SPONSORS

SPONSORS

The Business Value of the Soft Stuff[1]

SECOND EDITION

Jocelyn Davis

Nelson Hart LLC, Virginia, USA

Adjunct Professor, Center for Excellence in Project Management,

University of Maryland, College Park, Maryland, USA

________________________________________________________________________

ABSTRACT

When individuals flourish, organizations thrive.  This paper will present the case for project managers to implement positive psychology into routine people management practices to deliver successful projects which meet the triple constraints and enhance the project team’s experience of their work.  To simplify the implementation of these people practices, we will present a well-being at work assessment which links personal resources, management systems, experience of work and functioning at work to organizational outcomes relevant to project management at all levels.

We will explore how your team members can be corporate athletes able to meet the daily challenges of stressful work, how to design management systems which support the team’s best work, how to enhance internal motivation on project teams, and how to enhance employee engagement, flow, satisfaction, and sense of purpose to attain and sustain great project results.  Each element of the well-being at work assessment will be linked to people management practices which drive attainment of key organizational outcomes.

Introduction

The next frontier for the development of project management competence is the development of a body of knowledge and practice which focuses on the sustainable management of people on projects.  A number of piecemeal efforts to do this have been underway for decades:  employee satisfaction surveys, employee engagement, culture assessment, wellness initiatives, flexible work schedules, etc.  Each of these efforts has merit conceptually in its own right, but used individually they lack a philosophical and empirical coherence that can persuade managers and their organizations to create workplaces that support sustainable, exceptional performance and yield the desired individual and organizational results.  Further, this lack of coherence reduces the scope of the actions likely to be taken by organizations resulting in less than satisfactory results.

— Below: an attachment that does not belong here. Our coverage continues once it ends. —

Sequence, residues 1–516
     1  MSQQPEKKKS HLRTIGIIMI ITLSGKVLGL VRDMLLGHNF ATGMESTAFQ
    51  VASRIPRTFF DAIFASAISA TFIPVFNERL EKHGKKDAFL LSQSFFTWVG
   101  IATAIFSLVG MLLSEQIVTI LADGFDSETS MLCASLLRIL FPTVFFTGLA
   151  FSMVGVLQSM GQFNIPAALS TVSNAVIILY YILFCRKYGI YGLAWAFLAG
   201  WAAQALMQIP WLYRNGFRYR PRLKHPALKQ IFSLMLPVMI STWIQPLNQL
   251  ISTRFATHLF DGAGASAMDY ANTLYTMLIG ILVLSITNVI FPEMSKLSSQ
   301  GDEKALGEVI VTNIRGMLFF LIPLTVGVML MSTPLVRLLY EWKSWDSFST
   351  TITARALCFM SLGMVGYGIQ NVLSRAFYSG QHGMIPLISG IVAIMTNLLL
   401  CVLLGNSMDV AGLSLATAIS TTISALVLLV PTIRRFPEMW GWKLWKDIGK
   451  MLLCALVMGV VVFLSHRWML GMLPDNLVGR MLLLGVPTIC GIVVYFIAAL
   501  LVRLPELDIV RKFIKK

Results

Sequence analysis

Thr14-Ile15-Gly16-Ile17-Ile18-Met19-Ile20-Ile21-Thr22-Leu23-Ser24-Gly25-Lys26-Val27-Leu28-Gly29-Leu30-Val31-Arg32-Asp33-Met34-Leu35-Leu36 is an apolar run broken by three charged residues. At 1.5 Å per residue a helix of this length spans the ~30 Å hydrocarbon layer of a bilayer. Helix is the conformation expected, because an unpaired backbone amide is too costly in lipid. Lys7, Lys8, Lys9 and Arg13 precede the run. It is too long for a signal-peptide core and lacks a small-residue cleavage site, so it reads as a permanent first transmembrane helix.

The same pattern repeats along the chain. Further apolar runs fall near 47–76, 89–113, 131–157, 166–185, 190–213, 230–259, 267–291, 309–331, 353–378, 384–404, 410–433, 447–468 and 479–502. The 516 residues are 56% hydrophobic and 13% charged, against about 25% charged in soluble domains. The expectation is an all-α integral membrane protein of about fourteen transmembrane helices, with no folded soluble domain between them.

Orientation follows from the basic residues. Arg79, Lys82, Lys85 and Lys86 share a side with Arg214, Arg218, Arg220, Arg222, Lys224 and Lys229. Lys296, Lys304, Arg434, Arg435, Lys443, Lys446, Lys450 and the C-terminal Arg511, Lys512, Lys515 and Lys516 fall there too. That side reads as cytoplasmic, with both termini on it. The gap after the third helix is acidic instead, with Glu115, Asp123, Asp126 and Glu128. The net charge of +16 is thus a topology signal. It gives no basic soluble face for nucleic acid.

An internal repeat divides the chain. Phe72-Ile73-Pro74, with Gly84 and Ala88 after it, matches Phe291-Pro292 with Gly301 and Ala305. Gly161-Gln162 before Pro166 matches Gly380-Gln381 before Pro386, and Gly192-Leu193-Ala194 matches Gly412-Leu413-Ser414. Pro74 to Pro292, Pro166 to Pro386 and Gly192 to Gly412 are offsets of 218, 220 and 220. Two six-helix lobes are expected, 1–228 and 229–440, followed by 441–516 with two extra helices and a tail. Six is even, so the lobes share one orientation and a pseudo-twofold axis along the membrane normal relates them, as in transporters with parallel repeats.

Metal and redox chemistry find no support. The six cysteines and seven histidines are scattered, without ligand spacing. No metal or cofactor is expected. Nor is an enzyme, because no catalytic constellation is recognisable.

Simplistic solutions are not sufficient to address inherently complex and dynamic issues involving people at work.

This paper will use a comprehensive model of subjective well-being (SWB) or Happiness at Work ([email protected]) to review the case for, and some selected interventions to enhance, SWB at work. This model considers the individual, their teams or work units, and the overall organization.  This paper case will highlight a few of the many organizational or project outcomes that are empirically linked to SWB in the workplace.  And, it will offer some of the proven interventions which enhance SWB at work.

More…

To read entire paper (click here)

Editor’s note:  Second Editions are previously published papers that have continued relevance in today’s project management world, or which were originally published in conference proceedings or in a language other than English.  Original publication acknowledged; authors retain copyright.  This paper was originally presented at the 1st Annual University of Maryland Project Management Symposium in College Park, Maryland, USA and included in the conference Proceedings in June 2014.  It is republished here with permission of the author and the Project Management Center for Excellence at the University of Maryland.

About the Author 

pmwj24-jul2014-Davis-IMAGEJocelyn Davis flag-usa

Virginia, USA

Jocelyn Davis is the president and co-founder of Nelson Hart LLC, a women-owned consulting firm.  Nelson Hart works with clients in all sectors to help them develop teams and workplaces where individuals flourish and the organizations thrive.  She believes that each of us has unique strengths and capabilities to bring to our personal and professional lives as individuals and as members of various groups.  She is a leader in efforts to enhance the quality of workplace experiences and the performance of people, teams and organizations. Jocelyn is also an adjunct professor at the University of Maryland, College Park, Maryland, USA in the Clark School of Engineering’s Project Management Program where she teaches two innovative applied positive psychology courses:  Managing Project Teams and Evolving as a Leader. Jocelyn can be contacted at [email protected].

[1] Second Editions are previously published papers that have continued relevance in today’s project management world, or which were originally published in conference proceedings or in a language other than English.  Original publication acknowledged; authors retain copyright.  This paper was originally presented at the 1st Annual University of Maryland Project Management Symposium in College Park, Maryland, USA and included in the conference Proceedings in June 2014.  It is republished here with permission of the author and the Project Management Center for Excellence at the University of Maryland.